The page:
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Parts / December 16, 2017

The portion of the West Perth Thames Nature Trail that winds through the West Perth Woodlands is constantly being torn up by ATV riders who use the trail contrary to a West Perth bylaw that prohibits such activity on that land. Former deputy mayor Gerry Kehl brought the issue before the Police Services Board at their March 23 meeting. SUBMITTEDIn former West Perth deputy mayor Gerry Kehl's mind, ATV use on the West Perth Woodlands trails has gotten to the point where it's not only ruining the experiences of hikers and joggers who wish to use the trails, but it's also threatening the very trees that make up the woodlands.

Kehl and his wife Patty are so concerned about ATV use in the woodlands that they appeared before the West Perth Police Services Board March 23 to make a presentation about the issue and suggest possible solutions, or at least ideas that might help curb ATV use on that stretch of the West Perth Thames Nature Trail.

“At one time these walking trails were beautiful, they were serene, it was a magnificent place to go for a run or a peaceful stroll and the trails were in place to reconnect with nature, ” Kehl began. “...But then, devastation. We have four-wheelers out there and now our woodlands walking trails have been destroyed. There's huge ruts filled with water and mud, it's no longer a pleasant place. There's nowhere to walk safely, tree roots are being laid bare – eventually killing the trees.”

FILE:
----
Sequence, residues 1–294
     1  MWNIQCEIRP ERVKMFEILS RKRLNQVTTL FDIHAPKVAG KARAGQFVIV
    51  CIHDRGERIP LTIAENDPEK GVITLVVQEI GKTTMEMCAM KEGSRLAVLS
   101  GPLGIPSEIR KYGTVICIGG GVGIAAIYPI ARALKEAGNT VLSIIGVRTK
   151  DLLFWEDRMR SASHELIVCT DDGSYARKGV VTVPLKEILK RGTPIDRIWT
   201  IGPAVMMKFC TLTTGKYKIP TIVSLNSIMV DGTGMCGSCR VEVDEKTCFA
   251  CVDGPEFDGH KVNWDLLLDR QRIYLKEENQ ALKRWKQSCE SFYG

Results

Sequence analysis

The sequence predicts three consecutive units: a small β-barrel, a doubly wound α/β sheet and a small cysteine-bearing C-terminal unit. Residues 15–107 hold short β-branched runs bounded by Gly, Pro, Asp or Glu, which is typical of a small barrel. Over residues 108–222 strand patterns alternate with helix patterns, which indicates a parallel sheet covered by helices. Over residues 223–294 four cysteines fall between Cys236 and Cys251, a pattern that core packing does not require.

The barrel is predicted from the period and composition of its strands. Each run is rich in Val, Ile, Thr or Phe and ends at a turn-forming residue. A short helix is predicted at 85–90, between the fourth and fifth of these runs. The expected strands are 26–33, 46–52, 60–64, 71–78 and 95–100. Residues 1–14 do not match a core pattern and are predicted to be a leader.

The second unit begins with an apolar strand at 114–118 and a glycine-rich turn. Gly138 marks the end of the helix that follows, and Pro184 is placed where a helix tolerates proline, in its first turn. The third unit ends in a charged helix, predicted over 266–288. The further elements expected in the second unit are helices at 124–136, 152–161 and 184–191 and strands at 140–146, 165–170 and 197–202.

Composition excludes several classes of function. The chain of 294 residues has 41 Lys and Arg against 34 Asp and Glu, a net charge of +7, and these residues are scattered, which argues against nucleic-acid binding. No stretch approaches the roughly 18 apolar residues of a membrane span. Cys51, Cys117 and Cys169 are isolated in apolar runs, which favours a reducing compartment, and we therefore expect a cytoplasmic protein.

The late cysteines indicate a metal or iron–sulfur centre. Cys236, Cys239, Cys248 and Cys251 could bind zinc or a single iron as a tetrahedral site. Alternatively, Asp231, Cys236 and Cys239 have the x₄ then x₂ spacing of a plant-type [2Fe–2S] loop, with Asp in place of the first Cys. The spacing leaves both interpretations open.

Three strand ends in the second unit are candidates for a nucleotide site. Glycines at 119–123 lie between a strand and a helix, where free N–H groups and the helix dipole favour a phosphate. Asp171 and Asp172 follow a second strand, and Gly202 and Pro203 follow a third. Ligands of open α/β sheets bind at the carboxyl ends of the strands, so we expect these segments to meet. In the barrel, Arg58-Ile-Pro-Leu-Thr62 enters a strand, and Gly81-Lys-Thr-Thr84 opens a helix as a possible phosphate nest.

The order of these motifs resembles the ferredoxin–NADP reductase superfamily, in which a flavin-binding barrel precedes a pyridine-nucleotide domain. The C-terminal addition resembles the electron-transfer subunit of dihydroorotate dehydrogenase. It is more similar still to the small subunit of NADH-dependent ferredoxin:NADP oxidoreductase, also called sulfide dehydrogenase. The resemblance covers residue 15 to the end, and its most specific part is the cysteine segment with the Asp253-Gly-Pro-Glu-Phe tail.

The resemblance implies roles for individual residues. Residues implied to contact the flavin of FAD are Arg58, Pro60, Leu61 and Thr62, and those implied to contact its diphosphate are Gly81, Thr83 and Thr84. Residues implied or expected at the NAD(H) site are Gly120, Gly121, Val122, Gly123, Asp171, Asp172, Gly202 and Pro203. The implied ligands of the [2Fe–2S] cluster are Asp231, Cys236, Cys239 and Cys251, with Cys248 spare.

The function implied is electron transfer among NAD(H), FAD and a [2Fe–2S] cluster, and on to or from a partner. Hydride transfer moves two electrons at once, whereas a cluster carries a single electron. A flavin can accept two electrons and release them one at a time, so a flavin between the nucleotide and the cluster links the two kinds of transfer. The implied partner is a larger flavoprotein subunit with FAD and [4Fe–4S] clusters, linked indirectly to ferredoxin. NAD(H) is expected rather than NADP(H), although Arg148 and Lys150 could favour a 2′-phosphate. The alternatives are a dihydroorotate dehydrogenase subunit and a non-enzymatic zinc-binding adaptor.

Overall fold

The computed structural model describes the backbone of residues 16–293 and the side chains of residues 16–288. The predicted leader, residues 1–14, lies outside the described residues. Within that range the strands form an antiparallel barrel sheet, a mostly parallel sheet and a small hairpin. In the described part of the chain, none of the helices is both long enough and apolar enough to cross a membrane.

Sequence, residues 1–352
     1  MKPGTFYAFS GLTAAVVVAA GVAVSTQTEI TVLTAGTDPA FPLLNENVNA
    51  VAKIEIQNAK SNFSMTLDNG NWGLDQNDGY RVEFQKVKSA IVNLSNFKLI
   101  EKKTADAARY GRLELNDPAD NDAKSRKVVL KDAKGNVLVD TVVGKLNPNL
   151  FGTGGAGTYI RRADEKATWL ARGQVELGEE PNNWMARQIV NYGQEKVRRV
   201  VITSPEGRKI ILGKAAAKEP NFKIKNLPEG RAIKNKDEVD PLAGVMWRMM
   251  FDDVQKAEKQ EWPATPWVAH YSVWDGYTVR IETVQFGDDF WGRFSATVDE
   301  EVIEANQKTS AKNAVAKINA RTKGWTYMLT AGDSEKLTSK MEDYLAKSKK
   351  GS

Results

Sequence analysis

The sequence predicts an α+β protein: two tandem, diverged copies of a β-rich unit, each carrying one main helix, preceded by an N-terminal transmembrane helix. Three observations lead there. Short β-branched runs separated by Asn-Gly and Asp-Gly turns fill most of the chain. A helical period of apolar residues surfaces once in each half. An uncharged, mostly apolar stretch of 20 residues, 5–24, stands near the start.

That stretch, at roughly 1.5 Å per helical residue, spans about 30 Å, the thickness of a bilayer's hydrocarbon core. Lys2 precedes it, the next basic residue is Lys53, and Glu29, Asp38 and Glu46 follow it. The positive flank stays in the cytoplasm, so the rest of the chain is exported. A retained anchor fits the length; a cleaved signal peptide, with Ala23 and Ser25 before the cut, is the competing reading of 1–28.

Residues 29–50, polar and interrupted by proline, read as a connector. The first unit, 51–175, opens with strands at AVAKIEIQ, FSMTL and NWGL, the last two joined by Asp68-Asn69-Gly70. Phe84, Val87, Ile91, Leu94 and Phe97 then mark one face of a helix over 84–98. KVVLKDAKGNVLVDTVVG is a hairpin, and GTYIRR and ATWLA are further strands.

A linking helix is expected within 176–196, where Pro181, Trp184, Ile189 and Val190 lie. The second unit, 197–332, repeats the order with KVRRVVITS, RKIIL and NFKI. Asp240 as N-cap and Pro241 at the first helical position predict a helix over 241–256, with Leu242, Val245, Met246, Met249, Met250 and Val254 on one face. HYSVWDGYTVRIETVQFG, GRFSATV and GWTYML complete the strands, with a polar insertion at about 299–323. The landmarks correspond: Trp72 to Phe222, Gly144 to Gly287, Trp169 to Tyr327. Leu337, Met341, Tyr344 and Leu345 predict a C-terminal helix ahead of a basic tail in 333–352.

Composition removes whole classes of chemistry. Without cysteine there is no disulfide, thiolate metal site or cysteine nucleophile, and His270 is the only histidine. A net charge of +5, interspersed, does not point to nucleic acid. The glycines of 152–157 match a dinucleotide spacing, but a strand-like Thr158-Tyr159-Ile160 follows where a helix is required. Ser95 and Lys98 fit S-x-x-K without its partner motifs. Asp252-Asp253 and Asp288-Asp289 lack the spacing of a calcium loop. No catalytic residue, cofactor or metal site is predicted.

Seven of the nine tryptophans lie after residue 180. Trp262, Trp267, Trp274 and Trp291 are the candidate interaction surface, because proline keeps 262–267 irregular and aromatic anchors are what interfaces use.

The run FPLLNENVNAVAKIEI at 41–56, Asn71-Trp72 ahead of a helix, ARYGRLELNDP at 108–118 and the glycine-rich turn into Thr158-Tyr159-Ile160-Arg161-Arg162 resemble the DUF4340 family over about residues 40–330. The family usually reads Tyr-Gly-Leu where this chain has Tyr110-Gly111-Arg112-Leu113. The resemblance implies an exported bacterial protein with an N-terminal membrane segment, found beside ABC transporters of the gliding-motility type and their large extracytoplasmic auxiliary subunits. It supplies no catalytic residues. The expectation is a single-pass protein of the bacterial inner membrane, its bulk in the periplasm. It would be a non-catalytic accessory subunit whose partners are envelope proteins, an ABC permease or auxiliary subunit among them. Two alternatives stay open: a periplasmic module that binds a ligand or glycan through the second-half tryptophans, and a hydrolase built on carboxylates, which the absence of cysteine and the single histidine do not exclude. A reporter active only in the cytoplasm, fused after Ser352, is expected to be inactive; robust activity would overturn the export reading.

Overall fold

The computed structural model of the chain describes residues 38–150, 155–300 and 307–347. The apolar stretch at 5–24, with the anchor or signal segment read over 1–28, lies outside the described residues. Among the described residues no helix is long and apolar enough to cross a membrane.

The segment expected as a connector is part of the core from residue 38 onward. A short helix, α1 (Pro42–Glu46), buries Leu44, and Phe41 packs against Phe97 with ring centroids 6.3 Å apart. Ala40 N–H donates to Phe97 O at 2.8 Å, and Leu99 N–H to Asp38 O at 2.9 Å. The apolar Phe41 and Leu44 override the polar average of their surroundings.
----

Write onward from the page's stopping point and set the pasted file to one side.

Kehl explained that although there is a municipal bylaw prohibiting motorized vehicles from being operated in designated areas such as on the nature trail – with a $300 fine stipulated for those who don't obey – and there have been signs installed in the past stating such, those measures have done very little to save the trail from destruction. Signs have been vandalized and destroyed, while the bylaw – for the most part – has gone unenforced.

“There's no perfect solution, but here are some methods that have worked in other communities; controlled entrance ways with concrete fencing and large rocks as a central removable barricade, ” Kehl offered.

Considering the lack of signage and knowledge of the corresponding bylaw, Kehl said he doesn't blame the ATV riders who use the woodlands trails, which is why he asked the Police Services Board, especially the OPP representatives on the board, to verbally explain the rules of the woodlands to those caught misusing the trails to try and keep the issue from continuing.

As for residents who may notice trail misuse, Kehl asks that they call the Sebringville OPP detachment at 519-393-6123 so police can handle the infraction. To the representatives of West Perth council who sit on the Police Services Board, Kehl asked that they spread word and engage the public in some form of education about the bylaw.

“We should put some information in the schools because that's where most of your culprits are coming from, but I would also suggest that when (the ATVs) are covered in mud and they need new parts and everything they would go to the (ATV) dealers. So I would suggest that you make up a big notice that you are not allowed here and this is bylaw rules and have (the dealers) put them up in their windows, ” suggested Coun. Larry Wight.

West Perth detachment commander Manny Coehlo told Kehl and the board that he had dealt with a similar problem in his hometown of Listowel, and although public education and putting up barricades do work fairly well, he said bylaw enforcement and handing out fines is the only thing some ATV riders respond to. He also reinforced Kehl's suggestion that anyone who sees misuse of the trails by ATV riders should call the OPP to report it.

Source: www.mitchelladvocate.com